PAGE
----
All weekend there is talk of who this year’s mystery band will be. The closing night’s ‘Talent Show’ turns out to be the first ever gig for Neil, Liam and Elroy Finn, meaning we get Split Enz and Crowded House classics, Liam’s national hits and a dazzling cover of The Chills’ Pink Frost. Excitingly unsupervised crowd surfing and impassioned sing-a-longs ensue, bringing a raucous beginning to the last night. An Australian take on Camp A Low Hum anyone?


“Wow, this is the best gig ever,” intones Bachelorette quietly, part way through a tight and lovely acoustic set. “I’m looking at a wall of trees!” With only 800 tickets sold and the vibe much more like a private party (which it is) than a festival (which it isn’t) Camp A Low Hum, now in its third year, is remarkable for never managing to feel cliquey or exclusive. This may have much to do with the Kiwi ‘choice bro!’ attitude that is the surface of their deep respect for the land and other people meaning that when they throw a party in the bush, there are only good times to be had and everyone’s on board. 6 stages – Noisy Stage, Nice Stage, Dance Zone, Renegade Room, Main Stage and the lagoon-side Neat Stage ensures that there is a breadth of stuff happening that, due to smart programming, rarely overlaps.

With the focus as much on fun as music the gigs are uniformly good with only the slick bands suffering. Tasmania’s Paint Your Golden Face do a great job of bringing the noise to excited punters, as does Kiwi pop bizarre Stefanimal who goes down exceedingly well. Bigger names like My Disco and Love Of Diagrams fit in to the loose and friendly nature of the festival surprisingly well given the usual rigidity of their songs and gigs. Albums by both bands are due mid year and both bands seem to be pushing more song- Pikelet and her astonishingly talented and sensitive band play their humble psyche-folk to a rapturous reception. Thugquota plays possibly the most exciting and unexpected show of the Camp at 1AM in the remote Renegade Room, channelling Shamanic rhythms and clarinet and vocal improvisation in a way that is never less than thrilling. The big names this side of the Tasman are So So Modern and Over The Atlantic who both play big riffs, have miles of style and barely a memorable song between them. Unlike The Ruby Suns, who put in one of their most thrilling gigs ever and incite packs of writhing punters to demand encores. Christchurch bands Mount Pleasant and Bonaparte are definitely worth keeping an eye on, with their exuberance and originality.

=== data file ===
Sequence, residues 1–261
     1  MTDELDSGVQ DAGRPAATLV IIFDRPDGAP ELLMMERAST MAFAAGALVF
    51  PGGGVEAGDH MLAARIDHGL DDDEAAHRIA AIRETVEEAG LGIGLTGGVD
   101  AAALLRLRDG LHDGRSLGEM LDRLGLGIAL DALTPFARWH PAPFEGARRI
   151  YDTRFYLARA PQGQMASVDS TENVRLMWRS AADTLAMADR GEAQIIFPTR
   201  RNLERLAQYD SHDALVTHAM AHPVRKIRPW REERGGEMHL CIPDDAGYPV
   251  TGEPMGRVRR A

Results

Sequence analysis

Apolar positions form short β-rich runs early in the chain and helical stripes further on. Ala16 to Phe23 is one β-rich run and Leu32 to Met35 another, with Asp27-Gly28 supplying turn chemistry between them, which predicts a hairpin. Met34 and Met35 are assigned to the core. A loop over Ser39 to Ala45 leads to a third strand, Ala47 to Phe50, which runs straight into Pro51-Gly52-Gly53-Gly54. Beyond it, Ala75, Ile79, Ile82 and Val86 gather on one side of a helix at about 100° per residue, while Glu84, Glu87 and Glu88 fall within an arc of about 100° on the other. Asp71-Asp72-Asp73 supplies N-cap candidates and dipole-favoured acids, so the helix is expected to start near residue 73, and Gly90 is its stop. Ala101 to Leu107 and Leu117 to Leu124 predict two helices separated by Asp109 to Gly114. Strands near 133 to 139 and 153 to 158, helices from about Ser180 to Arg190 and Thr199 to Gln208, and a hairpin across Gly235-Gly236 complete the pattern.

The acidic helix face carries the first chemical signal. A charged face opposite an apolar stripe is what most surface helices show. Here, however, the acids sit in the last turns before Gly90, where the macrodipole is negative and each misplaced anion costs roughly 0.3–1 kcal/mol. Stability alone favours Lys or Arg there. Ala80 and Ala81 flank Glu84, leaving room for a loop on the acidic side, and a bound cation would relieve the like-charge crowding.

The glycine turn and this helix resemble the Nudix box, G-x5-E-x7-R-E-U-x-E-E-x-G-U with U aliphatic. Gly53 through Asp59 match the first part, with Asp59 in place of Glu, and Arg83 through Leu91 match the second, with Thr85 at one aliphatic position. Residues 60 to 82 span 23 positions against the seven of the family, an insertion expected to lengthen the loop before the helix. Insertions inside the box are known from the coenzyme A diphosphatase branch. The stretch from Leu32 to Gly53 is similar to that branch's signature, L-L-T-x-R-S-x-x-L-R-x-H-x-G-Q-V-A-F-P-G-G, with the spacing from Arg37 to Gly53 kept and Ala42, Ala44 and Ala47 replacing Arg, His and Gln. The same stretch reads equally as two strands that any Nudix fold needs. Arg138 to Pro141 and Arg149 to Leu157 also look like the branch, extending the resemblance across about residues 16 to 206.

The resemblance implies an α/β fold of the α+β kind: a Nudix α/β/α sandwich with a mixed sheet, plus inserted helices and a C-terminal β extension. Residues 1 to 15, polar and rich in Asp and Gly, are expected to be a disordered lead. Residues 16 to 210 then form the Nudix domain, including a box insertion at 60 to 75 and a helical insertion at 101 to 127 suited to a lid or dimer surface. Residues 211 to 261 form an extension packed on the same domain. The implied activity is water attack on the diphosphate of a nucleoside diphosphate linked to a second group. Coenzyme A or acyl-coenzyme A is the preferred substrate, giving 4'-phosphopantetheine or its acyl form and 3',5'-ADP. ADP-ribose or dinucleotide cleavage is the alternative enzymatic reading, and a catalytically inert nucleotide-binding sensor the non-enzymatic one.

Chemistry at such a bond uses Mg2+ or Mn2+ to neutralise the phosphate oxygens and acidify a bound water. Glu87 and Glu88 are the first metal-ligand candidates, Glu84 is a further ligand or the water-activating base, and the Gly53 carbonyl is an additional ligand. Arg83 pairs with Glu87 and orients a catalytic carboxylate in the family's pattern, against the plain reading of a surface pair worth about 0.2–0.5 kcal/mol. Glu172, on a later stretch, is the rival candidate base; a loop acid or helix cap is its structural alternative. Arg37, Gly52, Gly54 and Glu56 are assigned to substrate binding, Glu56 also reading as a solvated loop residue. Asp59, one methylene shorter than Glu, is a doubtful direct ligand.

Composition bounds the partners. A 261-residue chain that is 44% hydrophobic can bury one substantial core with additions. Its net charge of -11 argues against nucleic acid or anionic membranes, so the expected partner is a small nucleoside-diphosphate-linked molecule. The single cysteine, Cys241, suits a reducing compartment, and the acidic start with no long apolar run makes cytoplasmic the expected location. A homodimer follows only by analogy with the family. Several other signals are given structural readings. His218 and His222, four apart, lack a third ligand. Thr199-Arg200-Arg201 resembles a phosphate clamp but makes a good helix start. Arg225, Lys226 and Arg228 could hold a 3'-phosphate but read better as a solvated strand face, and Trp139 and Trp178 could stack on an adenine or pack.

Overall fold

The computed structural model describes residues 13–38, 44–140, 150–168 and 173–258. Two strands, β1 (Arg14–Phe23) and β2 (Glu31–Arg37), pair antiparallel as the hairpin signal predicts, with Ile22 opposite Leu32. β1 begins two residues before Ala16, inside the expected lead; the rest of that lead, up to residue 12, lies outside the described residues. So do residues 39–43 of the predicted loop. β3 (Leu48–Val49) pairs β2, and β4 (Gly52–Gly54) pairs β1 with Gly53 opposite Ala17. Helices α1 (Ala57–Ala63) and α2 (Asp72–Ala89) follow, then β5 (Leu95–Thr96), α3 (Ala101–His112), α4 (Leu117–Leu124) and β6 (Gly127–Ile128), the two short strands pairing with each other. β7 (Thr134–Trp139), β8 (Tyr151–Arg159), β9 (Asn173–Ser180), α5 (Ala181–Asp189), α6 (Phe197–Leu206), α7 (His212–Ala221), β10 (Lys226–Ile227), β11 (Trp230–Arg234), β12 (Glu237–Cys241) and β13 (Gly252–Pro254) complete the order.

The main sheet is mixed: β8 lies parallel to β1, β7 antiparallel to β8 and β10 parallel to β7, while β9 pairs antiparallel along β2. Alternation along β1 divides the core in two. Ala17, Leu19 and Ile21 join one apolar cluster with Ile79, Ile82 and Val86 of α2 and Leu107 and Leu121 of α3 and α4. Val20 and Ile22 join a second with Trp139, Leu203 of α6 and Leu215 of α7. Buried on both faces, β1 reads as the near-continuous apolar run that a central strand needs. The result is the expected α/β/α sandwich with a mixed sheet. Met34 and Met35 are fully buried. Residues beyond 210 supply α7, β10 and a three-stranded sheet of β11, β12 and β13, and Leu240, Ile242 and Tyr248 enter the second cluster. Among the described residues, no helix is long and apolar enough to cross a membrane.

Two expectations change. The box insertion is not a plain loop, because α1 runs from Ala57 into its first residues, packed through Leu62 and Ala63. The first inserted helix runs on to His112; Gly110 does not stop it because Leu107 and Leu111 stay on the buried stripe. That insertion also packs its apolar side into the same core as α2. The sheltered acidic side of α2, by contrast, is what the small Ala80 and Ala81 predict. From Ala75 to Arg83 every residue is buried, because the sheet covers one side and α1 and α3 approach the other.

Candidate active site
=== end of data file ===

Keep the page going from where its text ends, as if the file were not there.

The big surprise of the weekend is the Mystery Act who turns out to be Neil and Liam Finn, backed with Barnsey’s daughter EJ and Neil’s ‘other one’ Elroy on drums. Giving us a steady stream of Kiwi classics from I Got You via Four Seasons In One Day to a cover of The ChillsPink Frost that no one begrudges him. Liam’s songs seem to go down well but are lost on the Aussies present, unlike Nintendo Kiwii who wrap up Day Two of Camp aka Australia Day. This supergroup with guests gives you Cameron from Baseball bellowing Physical, Pikelet leading punters through Can’t Get You Out Of My Head, Ned Collette ravaging Great Southern Land and everyone singing You’re The Voice in an unrepeatable celebration of Trans-Tasman connections. Amazing.